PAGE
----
Right, welcome everyone to another episode of the Voyc podcast where we’re going to tackle complexities of motor finance companies. Today we’re joined by Nick McDonald, one of the co-founders and Directors of The Compliance Guys. A specialised and truly unique compliance agency that helps firms from getting authorised, to how best to offer finance to their customers, amongst many more things that Nick will be sure to share with us today. Nick has a long career in motor finance and compliance and will help us dive into the impact of some of the recent regulatory changes and compliance challenges faced by motor finance firms today. So, welcome Nick! Welcome to the show! Thanks Matthew, nice to join you it’s like a busman’s holiday joining a podcast like this, as I talk about motor finance compliance all day, but you know hopefully it benefits people. Fantastic, definitely Nick! So, Nick today what we’re going to talk about is Consumer Duty implementation and its effects on lenders and brokers, and looking at how fast the industry is moving and adapting to the Consumer Duty. Secondly, we’re going to touch on, you know, from adjusting operations to safeguarding vulnerable customers what are some of the key compliance challenges. Thirdly we ‘re going to touch on some real world examples that I want to ask you to share and some red flags that companies should look out for when when it comes to the Consumer Duty. Then we’re going to look onto the future of where we think the motor finance industry is heading and what some businesses can do today to make sure that they’re ahead when the time arises. For all those that are streaming in, I’m Matthew Westaway, One of the co-founders and the CEO of Voyc. We’re a call compliance monitoring platform for motor finance companies and I’ll be your host today so fasten your seatbelts as Nick gives us a tour through some of the compliance essentials in the motor finance sector on this Voyc podcast. So first of all, Nick first thing I wanted to look into is how do you believe recent regulatory changes have impacted motor finance brokers and lenders in the UK? well I think it’s the first thing to say is that the motor finance sector is probably more complex than people realised to start with what I mean by that is in a lot of financial services the product provider, in this case the lender, is often dealing directly with the end user, the consumer, or if you take mortgages and insurance they’re often going through a broker. In the motor finance sector, you’ve almost always got a dealer in there. Well by nature someone supplying the vehicle but that’s often the point of entry they then may also be going through a broker before getting to a lender or dealing directly with a lender. So, when it comes to Consumer Duty for instance, which is the obvious most recent change there’s a lot of complexity in there as to who governs who, who’s looking at Consumer Duty, sharing outcomes, and many other things. So I think that’s been you know obviously Consumer Duty is the big change, but the big challenge has been how everyone deals with each other to get the right outcomes for customers, and who’s responsible for it, and I think there’s been some big challenges around that in particular. That’s very interesting. So what I’m hearing is there’s essentially three stakeholders instead of two. Traditional brokers and lenders, but now we also have these dealers, and there’s challenges as to whose responsibilities lie where and, where have you seen overlap there? What are some of the examples where you commonly see “it’s not my role but it’s their role” type of situation? Well I think quite rightly when it came to like the lead up to Consumer Duty, doesn’t it seem a long way away by the way, now I remember getting to July last year and thinking wow this has taken so long to come around and now we’re nearly a year down the line as we were leading up to April, certainly when the lenders had to put out their price and value assessments, there was a lot of secrecy I think around who was going to do what, and we did an exercise of collating all the different documents from all the different lenders to try and you know see the commonalities and that was a really complex piece of work so it was clear that everyone had done their own work on it I think what that means is that not only had they not shared the information with each other as lenders to get a homogenised kind of approach, but they also maybe not engaged the brokers or the dealers alongside, and that’s the same as the brokers the brokers may have got some information from the lenders, but maybe not from the dealers, and dealers quite frankly didn’t do much about it you know, I’m talking the independent dealers we deal with you know the main dealer groups, so what you had probably as soon as Consumer Duty was implemented, everyone had their own approach, everyone had, in the large taken it seriously, done their assessments, but they hadn’t really worked out how to share data and how that was gonna work with each other I think everyone is still now going through that process going well we understand maybe what our Consumer Duty outcomes should be, but does that actually align with the other partners we deal with. How quickly are they making changes at the moment? I think people are taking it seriously is the first thing to say and just like the FCA said it’s not a ‘once and forgotten’ and quite rightly so. I think it’s still going to be an evolution I think when we come to this you know the anniversary let’s say of Consumer Duty and everyone should know if they don’t that everyone needs a board report on Consumer Duty outcomes and data and all that good stuff I think there’s gonna be a lot more outcomes of that and we’ll see the holes in like kind of well, how have you shared this information have you understood what lenders want if you’re a broker or a dealer, as a lender how have you understood how your brokers or dealers have done the implementation so I think there’s been some work on that I think a lot more will be to come after the first anniversary If you look at the brokers, dealers and lenders, who’s done the most work so far and where do you think there’s room for work to be done? I think you need to speak about each of them because I think everyone’s done some work you know the lenders quite clearly took it very very seriously you know everyone had their price and value assessments in on time and some of them were absolutely excellent some were a bit more bare bones and you know that was shared in a in a really good way but I don’t think the lenders on the whole have done a great deal of making sure that the brokers and dealers have done absolutely everything they should. What we are seeing now, actually though, is lenders pushing brokers certainly to do a lot more oversight of their dealers where it’s that kind of dealer introduce the broker introduce the lender arrangement. So, for instance, I know some of the brokers are now being asked to get copies of information notices that the dealers are given. Brokers, we found kind of left it a little bit late last year. Some of them, not the biggest ones but you know some of the medium size brokers, there’s a lot of them, some of them came to us and said ‘can we do this exercise’ and we only had maybe three or four months left untill the deadline. They took it very seriously at that point at least and you know we have conversations all the time about Consumer Duty outcomes which is really good and certainly in our market which is the independent dealers mostly, the dealers want to follow the lead of what the broker or the lender says maybe not even what we say so we’re continuing now engaging with lenders and brokers to go ‘what more do you want?’ rather than just what we think the FCA want and the dealers are starting to come round but ultimately it all gets led by what the lenders do, and if the lenders say we need everything to be perfect the brokers and the dealers will follow but they probably won’t always do off their own back. Do you think it’s, if we look at the credit broker versus a dealer and the amount of money that is made off of a sale my understanding is a dealer makes far more for a sale on a car than the credit broker But the responsibility then lies more on the credit broker to make sure that customer was given the right outcome Do you think that’s fair? Do you think it should balance more towards the dealer? I think there’s two sides of looking at this if you look at the whole transaction value so you look at the actual margin on the vehicle any associate services any unregulated products and then the finance commission, yes, the dealer makes more money. If you look at just the finance commission it may well be the broker and in the past the FCA would have said well it’s the person making the commission or making the interest on the loan that’s the most important party. But what Consumer Duty does of course is tie in everything that’s unrelated to not only that sale but other sales but I’m not sure I’m allowed to swear so say the proverbial faeces flows downwards that’s what they say isn’t it it rolls downhill yeah and I think if you then look at things like the differential commission arrangements that’s being targeted absolutely the lenders to start with to roll down and you know we’re probably jumping the gun on to something else we might talk about but, if the lender’s going take the first brunt the broker’s going to take the second brunt the dealer’s gonna take the last brunt and ultimately you know the FCA will always deal with the biggest firms they’ll always come down the hardest on the biggest firms because they’re the ones who can pay the fines I’m afraid. When they come down on the biggest firms are you seeing certain dealers sort of getting treated you know more because of their size compared to every dealers? so are certain dealers on the – No I mean, that does happen we know with the big franchise groups you know there’s some I won’t mention name there’s been you know some investigations that we see into big dealer groups but what we do see, we deal with some of the smallest firms offering finance, is that the FCA are asking for more and more requests more and more reports newly authorised firms especially coming under a lot more scrutiny whereas I think under Consumer duty for instance the FCA are expecting that the other stakeholders the lenders and the brokers are you know taking that oversight and encouraging the dealers to do more where you know they’re still getting more reports to do but probably aren’t getting the same level of scrutiny that new firms would be. Okay, fantastic. So, it sounds like you’ll have an easier time being a dealership than a credit broker in the Consumer Duty. From a compliance point of view, yeah and that’s probably right although we’re talking that you know the dealer may make more money their main business is not financial services that is secondary to make an introduction. What dealers do need to do and should do, is take very seriously that introduction because customer, although it’s not an advised sale, the customers do listen to what they would feel is a recommendation. That could be who they’re introducing them to, what product they’re introducing them to, you know and they need to take that, even if it’s a small part of the business, they need to take that small part very seriously to make sure the customer is getting the right outcomes. When you see outcomes going wrong, it takes me to the second point around compliance challenges, where in the journey do you see those outcomes going wrong? At what point does the customer fall under detriment? You might find this surprising but from a dealer point of view I think it’s whether they’ve picked the right partners in the first place we still see and hear instances where smaller car dealers will say I use a broker and, you know, the great thing with brokers often is they’ll have a panel of lenders the dealer hasn’t got to worry about you know who’s the right lender for the customer a lot of that works still in the background very well by the broker but then they’ll say oh but I still use one single lender first before the broker and we’ll go okay why is that? are they offering a better rate? is it a better service, is it faster? and they be like oh no I’ve known the rep for 10 years and they pay me more commission and you’ll say so but the rate must be better for the customer no no the rate’s higher and you’re like that’s not allowed so there’s still a lot of learning to do there and that’s won’t happen everywhere but ultimately the dealer has often chosen who to to deal with not because of the right thing for customers but for the right thing for their business. Just on that point of it not being allowed, to just elaborate on on that because what I’m hearing now with this discretionary commission essentially when they banned it it was almost like it was better to not ban it because then you gave the ability to set the commission down to you know closer to the customer it’s counter-intuitive It’s a whole other podcast… but at a high level explain to the viewers just touch on that a bit I think, I won’t give my view but I’ll give the argument the argument is simply that post differential commission agreements being banned overall customers have paid more for finance on average that’s a simple fact and people have data on that so whether the ban is effective is very much up in the air but yeah on an individual basis certainly dealers can’t change the commission that sounds like a good thing but whether it’s saved customers money is a different argument but yeah on the basis of why that’s not allowed it’s simply that you’ve got to be giving the best outcome for the customer and that’s not always the lowest rate by the way it’s not always the lowest APR it could be that a customer really needs a vehicle quickly and therefore the agreement might be slightly more expensive but quicker to set, that’s valid if it’s true it could be that the total amount payable is lower if you take a PCP, the payment might be lower on one but the balloon may be lower and therefore there might not be an equity at the end of the loan so there are you know there are a lot of circumstances to consider but certainly if you’re using one lender at 13.9% APR and you’re sending every customer there the customer’s going to believe that is the best rate that you can offer. if you’ve then got a broker that can do 9.9 but you’re not using them because you can make more commission from the first lender unless you can you know realistically prove that the customer wanted to pay that higher rate for a valid reason, that’s absolutely not giving the right outcome to the customer. How can some firms prove that they’re not doing that? I think the question Matthew is are they being asked to prove that they’re not doing that? and I’m not saying this is widespread but I’m saying we hear enough of it that it certainly goes on and this is where we go back to that point of are the FCA asking for that data directly? no they’re not but where lenders and brokers are aware that that’s happening and I would call on lenders who know that they’re the first string to be checking is that dealer using another broker or using a broker at a lower rate and really should your rate be set higher if you know that dealer is using you first line that should be you know falling foul of avoiding foreseeable harm shouldn’t it. Definitely, you know this is something which maybe exists and something which you know if it doesn’t it would seem quite trivial of a solution but it’s just that the consumer should have two options always and always be presented with two options that, similar when a in a large enterprise buy software, they need multiple quotes. Is that something which would be a way to prove that customers are given you know I think we should be given all quotes I don’t think it’s too difficult with technology now to do that. So, for instance we have technology off the back of some of our compliance systems and the some of the plugins that we use often say well do you wanna just display the best quote and my argument is well what’s the best quote let’s display all the quotes and the customer can then go well do I want a PCP or an HP you know do I want lowest APR lowest total amount payable lowest payment and then let them see which is which and let them see the detail and I think you know anyone offering finance needs to ensure they have the right level of knowledge and training to be able to explain to those to customers, so that customers can make an informed decision. And Nick when it comes to compliance challenges, so yes we mentioned that it’s the relationships that the dealers have formed often that is the start of it looking at loyalty and working with people that they’ve worked for a very long time, best for them not necessarily best for the customer, what other compliance challenges are you seeing motor finance firms face today? I think, this probably goes for all firms, the biggest difficulty in motor finance has been identifying vulnerabilities I think it’s very easy in some industries where this is what we probably call a slower sale to identify that so if you take a mortgage for instance no one expects a mortgage to be approved in minutes and paid out in an hour so if you were to ask a mortgage broker to go through a detailed analysis of the customer yeah which they often already do with financial information but you know from a checking vulnerability’s point of view and you say I’m gonna do a full assessment it’s gonna take 15 minutes as a percentage of the sale that’s a very small amount of time I think in motor finance what a lot of people are doing, ‘how are we supposed to identify vulnerability?’ and if you take one of the FCA’s measures of, i’ll call it ‘roughly half of the customers may be vulnerable at some point under certain circumstances’ I don’t know of any firms in consumer credit who are measuring anywhere near 50% vulnerability and I’m sure you’ve got some statistics on what you find with your software but I would say even with yours I’m gonna hazard the guess people don’t get to 50% not at all and I think that’s a challenge and I think the other challenge is a mental challenge where people think if I identify vulnerability I can’t give this person a loan or I can’t sell them a car and that’s absolutely not what’s trying to be done but that’s absolutely a challenge in both identifying vulnerabilities and enabling journeys based off you know people’s circumstances. What we see is definitely a you know in the credit broker space the sales agent won’t want to report it because they’re worried they’ll lose out an opportunity so it’s a, you know I think it ties down into the commission that they’re going to get. We, in our software, we log at the moment it’s around 8% of sales calls in a credit broker we see a vulnerability and surprising to a lot of our clients has been the nature of those vulnerabilities. So we see a lot of people saying they are disabled and they need a car that can cater for their extra needs and they can’t go view the car so they need delivery, and for companies to realise that before you know we came along, I don’t think many of them knew what percentage of the customer base was of such a unique needs. I don’t think a lot of them would have understood what vulnerability generally is and I know you’ll have heard me say this before Matthew but I hate the word vulnerability I think it’s the worst choice of word because if I ask you are you vulnerable it’s a really negative word no one wants to be vulnerable and if I ask do you have any specific needs that I might be able to help you with that’s a positive and I think often people need to change the word in order to change the identification of it. Definitely yeah that is a great way to say do you have any sort of you know extra needs or anything else I can do to support you further. The vulnerability term also some clients themselves don’t want to disclose it, so it’s how do you kind of get them to to share without them being worried that it’s going to impact the success of the application. One thing we’re doing so you know you mentioned we do authorisation works we had to help a lot of you know, especially independent motor dealers, get authorised for financing. The FCA you know are now beefing up that well have beefed up that process that the bar of getting authorised is much higher so we do a lot coaching with the applicants you know what they should know and if we ask an applicant what do you think vulnerability is there’s two answers and it’s the same every time one is customer has credit issues or mental health issues and they’re the only two things they think at the outset are vulnerabilities and then when we go through and go what about life events, that someone got divorced even married, had children, had bereavement whatever that might be you know or are they hard of hearing or you know whatever it might be people’s eyes are open to their own vulnerabilities you know and what things may affect them and what we’re finding is training and coaching and understanding of vulnerability really opens up a lot. It doesn’t identify stuff in the journey by the way which is why we’re such a big fan of your technology but it does open up the minds of the people running the the organisations to why they should be helping and not just seeing it as an FCA tick box. Definitely, one way I like to think about it the definition of, if we use the word vulnerability, is can that person make a decision in three ways can they make the decision unaided can they remember it, can they afford it and those are the three criteria which we find particularly useful to claim from a training perspective how to think about identifying vulnerabilities can they make a decision unaided remember it and afford it. Nick, when it comes to some examples of sort of catastrophes or significant consequences for firms have you seen any recently and could you you know share an example with our viewers? I’m not sure about catastrophes but certainly the burden I think of compliance can almost feel like a catastrophe I suppose you could argue that you know the DCA complaints or the gap insurance stuff that’s going on are certainly some significant events but I think more than anything people just need to be prepared for compliance events you know compliance is often seen as an afterthought and something that can be you know either done once and forgotten or it’s just a tick along part but you know when a compliance event comes on whether that’s the FCA throwing a spanner in the works as I call it or a data breach or you know whatever that might be, people need to be prepared for it and my big best advice to people is just you do that planning ready for the worst because compliance can’t be an afterthought I’m afraid because it will if profitability is the only thing that’s important to you compliance also has to be important because it will kill your profitability, when an event comes along. Prevention is definitely better than cure definitely I couldn’t resist Nick one thing which I saw earlier today I met a company they’ve put together 100 agents getting ready to jump on the commission disclosure and they used to work in the PPI space and they hired 100 people, they’ve got all the outbound phone systems ready and they’re looking forward to the end of the year to start dialling and what are your thoughts on that? I think they’re vultures is the top of it I think there was some harm to some customers you know there were certainly circumstances where some customers were charged more than they should have been because of their lack of understanding let’s say that’s a problem but you know in general most dealers didn’t do that claims companies will always do what the regulator allows them to do and in a good way you know the regulator has a love hate relationship with claims management companies they don’t like the fact that they you know take money out of customers pockets they do like the way that that helps them to deliver the message of you know any perceived wrong doing and help customers to get recompense for it but you know it was going to happen and if it wasn’t that it was the diesel mission scam if it wasn’t that it was the PCPs it’s always going to be something and that just goes back to my last point of you’ve got to be prepared and have the right processes in place to deal with these things. That brings me to the next point so you mentioned prevention, be prepared, what warning signs or sort of cracks would you recommend companies look out for in their internal operations and their kind of governance frameworks at the moment that are signs that they’re not prepared? I think if we take that point in isolation complaints policy and complaints processes are two things. So, the FCA obviously straight away when the DCA announcement came out you need to change your complaints process to allow for the cooling off period let’s call it or the difference between a DCA complaint and not a DCA complaint and I don’t think they actually understood the whole impact for that cause it was a bigger impact on us than the actual firms for instance the firms just had to change a document we had to change our entire software system to handle the complaints in a different way you know like add a different category add different times scales but you know I think if you’re an individual firm one make sure your complaint policy is robust make sure it’s trained out to anyone who could have customer contact and just be confident in how you’re going to deal with each complaint. We still get calls daily saying I’ve had complaint from either a claims management company or it’s come down from the ombudsman, by a lender or broker what do I do and you know we help people but I always question like why don’t you know what to do you know you really should know how to deal with a complaint in your business time scales we don’t judge people you know we deal with everyone and help everyone but you know the definition of insanity is doing the same thing again and expecting a different result well you’re going to get claims so you know when you’ve dealt with the first one make sure you know what you do with the second one that’s for sure. And in terms of the liabilities like across the dealers brokers and lenders how is it shared specifically with these DCAs? Well the FCA have made it very clear that everyone is responsible for their own complaints so if a dealer or a broker gets a complaint they have to handle it not just fob it off to the lender and the same obviously for the lender however, they’ve also kind of I don’t know if they’ve made it clear with, certainly insinuated, that the lender is the person who put that DCA arrangement into place with the dealer and allowed the customer to borrow at certain rates so they’re gonna get the brunt of it I think the question then is going to be do the lenders under their dealer agreements go down to the dealers or the brokers and and ask for some of that money back? I’m not sure it sounds like cutting off the head of the golden goose to me. It’s very interesting times, what do you foresee with this Lloyds 450 million, I saw they put aside, do you think that’s enough? uh no not if you look at the the value of the PPI claims and what they ended up I can’t remember the figures but I think it was something like people ended up paying out like 3 times what their provisioned for to start with I think, I understand why they’ve done it, and obviously it’s public because they’re PLCs but it kind of almost gives the FCA the green light to give some, you know some recompense to customers the fact that it’s been put aside so it seems almost inevitable that something will come out of it yeah whether we agree or not. It definitely led to the a few more claims management companies being incorporated that’s that’s for sure yeah. Nick when we look at you know, back to sort of the commission piece could you just explain to the viewers initially where was the wrongdoing there? so say a customer does end up paying more than they should have why was that wrong? and and perhaps equate it to another industry and business, if you go buy a pair of shoes from two different retailers the one could charge you more for the shoes why in the car finance sector is it particularly wrong? I’ll tell you first why it was wrong under FCA rules, the boring bit, and then I’ll give you kind of the caveat to that so what the rules state is not that you couldn’t charge an amount above the base rate but if that agreement was in place if it materially affected where you chose to place the business or whether the customer’s decision to proceed or proceed with that product would have been affected by the existence or nature of commissions that’s the fact that was commission there or the fact that they knew that it would be the difference between you know let’s say a base rate and charge outright then you had to disclose that the commission was there and then upon request the amount if asked and that didn’t happen basically the caveat to that is well if you look at one of the false complaints I’m gonna get these numbers wrong but I’m gonna say the base rate was 2.9% is what the dealers base rate with the lender was, and they charged out I think it was 4.9% or 4.99 so let’s just take 4.9 so there was 2% raised rate the argument is that the customer could have got 2.9 the counter argument of that is no one got 2.9 and the lender knew that no one was gonna get 2.9 and if they did the base rate would have been set higher that’s how a lot of these arrangements were made is that the dealer didn’t get 100% of the difference they often got 50 or 75% of the difference so the lender always actually made more than they would have done at 2.9% and so if that arrangement wasn’t there the base rate might have been lower than 4.9 but it would have been higher than 2.9 and the further argument to that is if the dealer wasn’t making as much out of the commission would the price of the car have been more would the customer got as much of a discount would they have got a service plan or you know the deal in its entirety needs to be looked at rather than just the cost of the loan so there’s a lot more to looking at this than just what was the base rate, what was the charge out rate. Wow so there’s also second order effects there as well on that consumer they potentially could – yeah that would be the defence. In terms of the future for the next sort of 12 months ahead how do you see the regulatory landscape evolving and where is the next kind of DCA? oh who knows it’s the middle of March and it feels like 2024 should have finished by now it feels like we’ve had 12 months of regulation changes and things to deal with in you know probably the first two months of the year so, I will answer your question we’re gonna see what the outcome of the gap insurance investigation is gonna be that’s going to come in the next 12 months and who can continue selling it and by the way that will have a knock on effect on all other add ons not just regulated add ons but non-regulated add ons the FCA is already looking at things like warranty and service plans and stuff like that and just to give a bit of background I think although they’re not regulated products because of Consumer Duty, a regulated firm has to also look at its unregulated products and look at them in line with that so that’s why that’s coming under scrutiny. We’ll get the outcome of the DCA complaints and we’ll have the outcome of the first anniversary of Consumer Duty and what people have done and not done and you know if you look at what happened with gap insurance for instance the reason that is come to afore is because certainly post Consumer Duty that the insurers had a responsibility to make sure that there was price and value in those products. the FCA decided there wasn’t and not enough had been changed and they took action. Well if we get past the end of July and the FCA check Board reports, which they will do, and then see there’s not enough actions being taken on other areas we’re going to see the same repeated and this won’t just be DCA from you know up to the start 2021 this may be what’s currently going on with price and value so, it’s going to be a busy 12 months that’s for sure. Nick, in closing if you had one compliance tip for the industry, what would it be? We’ll keep it in line with Consumer Duty we did this with a quite a few brokers and found it very powerful, is map your customer journey start to finish that’s from any touch points in marketing all the way to post sale communications and especially anything in the middle where you’re speaking to customers if you look at the four Consumer Duty areas and the three cross cutting rules and look at each point of your journey you will automatically find your own improvements and what I promise people is you won’t just find improvements for consumers you’ll actually find improvements in profitability and areas that you can you know sell more and make more money we’ve always found that a really good exercise to do, don’t just see compliances as a pain in the a** see it as a way of improving your business. So, mapping out the journey will pay dividends in general performance of your business, when it comes to monitoring you know that journey, that you’ve got a map now you have the experience mapped, how would you recommend firms monitor to make sure that the journey is going according to plan for all of the customers? Well I mean, that’s actually the second part of our exercise once you know what your outcome should be, each touch point you’ve then got to go, how do we measure it? like, again, when we did that exercise people are like ‘i’m already doing all these things’, like great can you prove it? and that was often the sticking point so you know it may be easy to track how many customers are using a certain product it’s very difficult to understand does a customer understand what you’re explaining you know are there any vulnerabilities you know what do your complaints mean and how should you feed that back to improve the start of the process that’s the difficult bit, if you haven’t got data, find someone who can help you with the data. Do you know of anyone Nick? yeah, me and you! But that’s not a loaded statement I always say I don’t look after our own IT support because you know that’s not our speciality we don’t do our own telecom that’s not our speciality we don’t do our own HR we have external HR, I wouldn’t want to do that, but you know if you can’t do it in your firm you should outsource, and that goes for compliance, call monitoring and maybe other things too. Fantastic, well thank you Nick for joining us, it’s been really great to have you and I’m sure everyone watching this will really find a lot of value and if they need to get hold of you how can they do that Nick? Find us online “The Compliance Guys”, LinkedIn, Facebook, website or me personally on LinkedIn, Nick McDonald, we never charge for a chat so if anyone wants to pick up the phone and chew the fat about compliance let’s do it and yeah good luck everyone. Fantastic Nick, thanks for joining us, cheers! Cheers, thanks!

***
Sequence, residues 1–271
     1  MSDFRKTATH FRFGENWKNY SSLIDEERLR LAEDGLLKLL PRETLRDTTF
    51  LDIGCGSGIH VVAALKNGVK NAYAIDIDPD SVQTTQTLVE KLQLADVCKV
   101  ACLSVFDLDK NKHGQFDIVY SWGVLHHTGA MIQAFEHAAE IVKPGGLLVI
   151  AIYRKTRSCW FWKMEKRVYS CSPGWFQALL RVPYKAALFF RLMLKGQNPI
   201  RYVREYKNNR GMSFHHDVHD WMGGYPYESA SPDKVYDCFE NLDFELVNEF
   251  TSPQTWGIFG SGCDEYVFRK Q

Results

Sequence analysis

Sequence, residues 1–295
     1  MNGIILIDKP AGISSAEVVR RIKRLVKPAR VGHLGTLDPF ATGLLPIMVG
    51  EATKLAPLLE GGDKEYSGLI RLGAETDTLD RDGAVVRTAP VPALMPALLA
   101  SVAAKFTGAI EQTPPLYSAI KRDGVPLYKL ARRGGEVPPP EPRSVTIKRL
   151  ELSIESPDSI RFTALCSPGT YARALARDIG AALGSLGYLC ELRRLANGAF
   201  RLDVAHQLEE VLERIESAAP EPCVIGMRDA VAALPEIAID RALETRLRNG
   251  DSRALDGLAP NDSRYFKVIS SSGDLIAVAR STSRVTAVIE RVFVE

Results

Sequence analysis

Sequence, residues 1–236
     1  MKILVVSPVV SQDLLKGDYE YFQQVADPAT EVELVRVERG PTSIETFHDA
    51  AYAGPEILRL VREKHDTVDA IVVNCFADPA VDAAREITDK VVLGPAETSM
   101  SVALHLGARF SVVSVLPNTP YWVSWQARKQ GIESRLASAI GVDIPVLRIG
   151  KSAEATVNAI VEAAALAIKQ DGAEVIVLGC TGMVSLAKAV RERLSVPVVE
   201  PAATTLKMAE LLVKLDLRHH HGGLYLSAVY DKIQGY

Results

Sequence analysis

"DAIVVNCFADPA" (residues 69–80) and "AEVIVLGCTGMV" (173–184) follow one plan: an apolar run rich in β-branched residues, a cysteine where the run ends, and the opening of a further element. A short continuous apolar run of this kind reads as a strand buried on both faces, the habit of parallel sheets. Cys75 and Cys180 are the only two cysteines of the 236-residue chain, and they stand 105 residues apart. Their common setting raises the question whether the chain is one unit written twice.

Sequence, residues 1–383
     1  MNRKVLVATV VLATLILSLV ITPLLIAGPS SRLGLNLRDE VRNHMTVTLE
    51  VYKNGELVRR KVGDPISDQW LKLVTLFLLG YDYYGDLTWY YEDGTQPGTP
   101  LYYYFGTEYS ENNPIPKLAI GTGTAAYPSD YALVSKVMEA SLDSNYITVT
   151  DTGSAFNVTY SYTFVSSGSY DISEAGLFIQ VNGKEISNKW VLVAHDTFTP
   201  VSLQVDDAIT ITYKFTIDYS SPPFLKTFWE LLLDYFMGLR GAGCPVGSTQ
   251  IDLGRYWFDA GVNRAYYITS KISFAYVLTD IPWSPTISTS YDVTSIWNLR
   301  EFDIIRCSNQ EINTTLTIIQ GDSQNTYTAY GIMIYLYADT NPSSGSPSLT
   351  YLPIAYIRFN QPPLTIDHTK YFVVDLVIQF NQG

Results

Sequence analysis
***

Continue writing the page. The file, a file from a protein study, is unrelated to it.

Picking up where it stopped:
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Identify and report all vulnerable customer cases

Optimise your approach to identifying, handling, and reporting on vulnerable customers.

It’s quick and easy to configure Voyc to raise alerts when a customer interaction shows signs of potential vulnerability. In fact, Voyc identifies 70 different types of customer vulnerability. Our customers use evidence provided by Voyc for MI reporting to the Board and the regulator.

Our Customers

Consistency in operating excellence